This lead me to wonder what type of pokemon portfolio would be best against the world, something outside the scope of the Statistical Learning course but well within my reach as an economist.  Since I don’t know what the pokemon-world looks like, I assumed the pokemon that show up are of a randomly and evenly selected type. (This is a relatively strong assumption, it is likely the pokemon encounters are not evenly distributed among the types).  The question is then, what type of pokemon should we collect to be the best against a random encounter, assuming we simply reach into our bag and grab the first pokemon we see to fight with?

First, I converted the matrix of strengths and weaknesses above into one that describes the spread of the strength-weakness gap, that is to say, if Water attacks Fire at 200% effectiveness, and defends at 50% effectiveness, a fight between the Water and Fire is +150% more effective than a regular pokemon attack (say Normal to Normal or Ice to Ice). Any bonuses a pokemon may have against its own type was discarded, because it would be pointless.  The chart for this, much like the wonderful link that got me the data in the first place, is here, where red is bad and blue is good: Then I added the strength-weakness gap together for each type of pokemon, which assumes that the pokemon are facing an a opponent of a random type.  According to this then, the most effective type of pokemon are on average:

Type                              Effectiveness
Steel                               0.22222222
Fire                                0.11111111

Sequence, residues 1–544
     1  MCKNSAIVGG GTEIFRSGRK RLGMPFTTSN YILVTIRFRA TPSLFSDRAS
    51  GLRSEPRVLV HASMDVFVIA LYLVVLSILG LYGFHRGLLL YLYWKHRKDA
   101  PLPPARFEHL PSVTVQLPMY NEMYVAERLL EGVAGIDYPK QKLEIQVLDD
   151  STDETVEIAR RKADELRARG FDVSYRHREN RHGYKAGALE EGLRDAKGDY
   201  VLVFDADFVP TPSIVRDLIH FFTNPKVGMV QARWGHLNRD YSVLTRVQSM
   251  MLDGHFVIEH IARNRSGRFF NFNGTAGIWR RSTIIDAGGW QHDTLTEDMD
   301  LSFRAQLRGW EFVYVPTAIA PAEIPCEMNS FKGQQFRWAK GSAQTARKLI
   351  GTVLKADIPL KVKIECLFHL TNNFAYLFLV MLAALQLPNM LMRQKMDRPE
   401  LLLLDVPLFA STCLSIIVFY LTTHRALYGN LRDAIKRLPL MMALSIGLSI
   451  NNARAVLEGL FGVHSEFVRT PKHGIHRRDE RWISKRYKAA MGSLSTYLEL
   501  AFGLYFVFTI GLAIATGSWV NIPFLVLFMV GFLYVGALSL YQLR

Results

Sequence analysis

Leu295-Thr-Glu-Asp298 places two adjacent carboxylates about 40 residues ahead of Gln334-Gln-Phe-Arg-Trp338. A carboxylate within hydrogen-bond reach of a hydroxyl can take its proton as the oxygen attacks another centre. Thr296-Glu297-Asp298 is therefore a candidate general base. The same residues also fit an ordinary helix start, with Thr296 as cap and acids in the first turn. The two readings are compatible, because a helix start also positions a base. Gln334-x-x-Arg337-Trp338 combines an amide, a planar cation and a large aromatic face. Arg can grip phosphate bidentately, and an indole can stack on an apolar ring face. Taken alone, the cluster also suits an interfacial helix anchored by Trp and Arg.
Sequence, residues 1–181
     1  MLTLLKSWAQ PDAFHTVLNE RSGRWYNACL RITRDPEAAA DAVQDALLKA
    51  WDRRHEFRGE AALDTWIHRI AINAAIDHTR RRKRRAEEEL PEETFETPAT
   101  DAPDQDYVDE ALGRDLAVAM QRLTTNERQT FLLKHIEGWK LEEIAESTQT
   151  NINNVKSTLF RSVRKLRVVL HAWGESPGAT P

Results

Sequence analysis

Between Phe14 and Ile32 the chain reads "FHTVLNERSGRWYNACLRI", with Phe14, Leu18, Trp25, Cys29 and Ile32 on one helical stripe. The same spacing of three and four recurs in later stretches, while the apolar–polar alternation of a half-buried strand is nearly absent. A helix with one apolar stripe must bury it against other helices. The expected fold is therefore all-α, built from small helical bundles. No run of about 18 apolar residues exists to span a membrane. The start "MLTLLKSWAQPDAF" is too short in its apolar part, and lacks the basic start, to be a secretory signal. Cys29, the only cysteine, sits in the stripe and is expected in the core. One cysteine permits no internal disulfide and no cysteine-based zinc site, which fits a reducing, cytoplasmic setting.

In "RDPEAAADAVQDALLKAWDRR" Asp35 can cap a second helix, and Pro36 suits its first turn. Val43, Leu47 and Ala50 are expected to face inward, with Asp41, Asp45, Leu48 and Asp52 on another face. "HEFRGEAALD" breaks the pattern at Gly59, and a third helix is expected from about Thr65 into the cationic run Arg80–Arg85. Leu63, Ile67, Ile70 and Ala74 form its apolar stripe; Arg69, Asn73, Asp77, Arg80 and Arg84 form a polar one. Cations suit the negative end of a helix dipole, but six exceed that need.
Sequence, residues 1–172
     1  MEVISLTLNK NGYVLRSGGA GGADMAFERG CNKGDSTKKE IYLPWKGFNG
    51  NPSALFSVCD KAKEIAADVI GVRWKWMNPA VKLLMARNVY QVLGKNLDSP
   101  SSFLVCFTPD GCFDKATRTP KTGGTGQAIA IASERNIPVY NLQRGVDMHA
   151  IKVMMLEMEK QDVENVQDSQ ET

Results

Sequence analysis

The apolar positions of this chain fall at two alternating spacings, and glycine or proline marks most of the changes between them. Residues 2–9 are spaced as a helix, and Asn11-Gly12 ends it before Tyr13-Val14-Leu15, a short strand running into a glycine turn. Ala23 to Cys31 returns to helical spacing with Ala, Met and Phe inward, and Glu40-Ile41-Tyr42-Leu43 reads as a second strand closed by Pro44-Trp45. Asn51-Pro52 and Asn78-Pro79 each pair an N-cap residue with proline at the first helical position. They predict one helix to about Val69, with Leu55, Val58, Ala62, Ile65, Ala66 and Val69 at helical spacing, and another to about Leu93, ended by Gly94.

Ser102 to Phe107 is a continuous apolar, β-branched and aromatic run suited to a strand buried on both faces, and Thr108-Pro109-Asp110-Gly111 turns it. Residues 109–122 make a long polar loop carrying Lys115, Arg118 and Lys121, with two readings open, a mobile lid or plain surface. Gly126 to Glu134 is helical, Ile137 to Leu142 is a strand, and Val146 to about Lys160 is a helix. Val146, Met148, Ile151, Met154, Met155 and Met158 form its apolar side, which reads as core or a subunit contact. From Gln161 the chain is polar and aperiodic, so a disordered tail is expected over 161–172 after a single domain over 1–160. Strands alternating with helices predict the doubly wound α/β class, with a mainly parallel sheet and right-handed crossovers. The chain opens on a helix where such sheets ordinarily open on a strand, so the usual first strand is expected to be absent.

Ground                              0.11111111
Fairy                               0.11111111
Water                               0.08333333
Ghost                               0.08333333
Flying                              0.05555556
Electric                            0.00000000
Fighting                            0.00000000
Poison                             -0.02777778
Rock                               -0.02777778
Dark                               -0.02777778
Ice                                -0.08333333
Dragon                             -0.08333333
Normal                             -0.11111111
Psychic                            -0.11111111
Bug                                -0.11111111
Grass                              -0.19444444

That is to say, Steel pokemon, against a random opponent, will on average be 22% more effective.  (This is the mean, not the median.) And against a random opponent a Grass pokemon will be expected to be 19% less effective than a Fighting pokemon, shockingly low. Amusingly, Normal pokemon are worse than normal (0) against the average pokemon.

This does not mean you ONLY want Steel pokemon because you could come up with an opponent that is strong against Steel. Nor do you want to entirely avoid Grass pokemon, since they are very strong against many things that Steel is weak against. Merely that if you’re willing to roll the dice, a Steel pokemon will probably be your best bet.  Trainers do not want to take strong risks, trainers are risk averse.  You want to maximize your poke-payoff while minimizing how frequently you face negatively stacked fights. The equation for this is: $Maximize: \ \mu * vars - \delta * t(vars) * cov * vars + \lambda*(1- t(ones) * vars) \ wrt. \ vars$

Where $\mu$ is your vector of payoffs in the table above, $\delta$ is your risk aversion, cov is the covariance matrix of the differenced pokemon data set, and vars is your portfolio selection which must add up to one hundred percent.

How risk averse are you?  You could be very risk averse and want to never come across a bad pokemon to fight, or you could love rolling the dice and only want one type of pokemon. So I have plotted the optimal portfolio for many levels of risk-tolerance.  It is a little cluttered, so I have labelled them directly as well as in the legend. The visualization is indeed a little messy, but as you become more risk averse, you add more Electric, Normal, Fire, and Ice pokemon (and more!) to help reduce the chance of a bad engagement.  In order to do this, one reduces the weight we put on Steel, Ground, and Fairy pokemon, but doesn’t eliminate them entirely.  Almost nothing adds Dragon, Ghost, Rock. or Bug pokemon, they are nearly completely dominated by other combinations of pokemon types.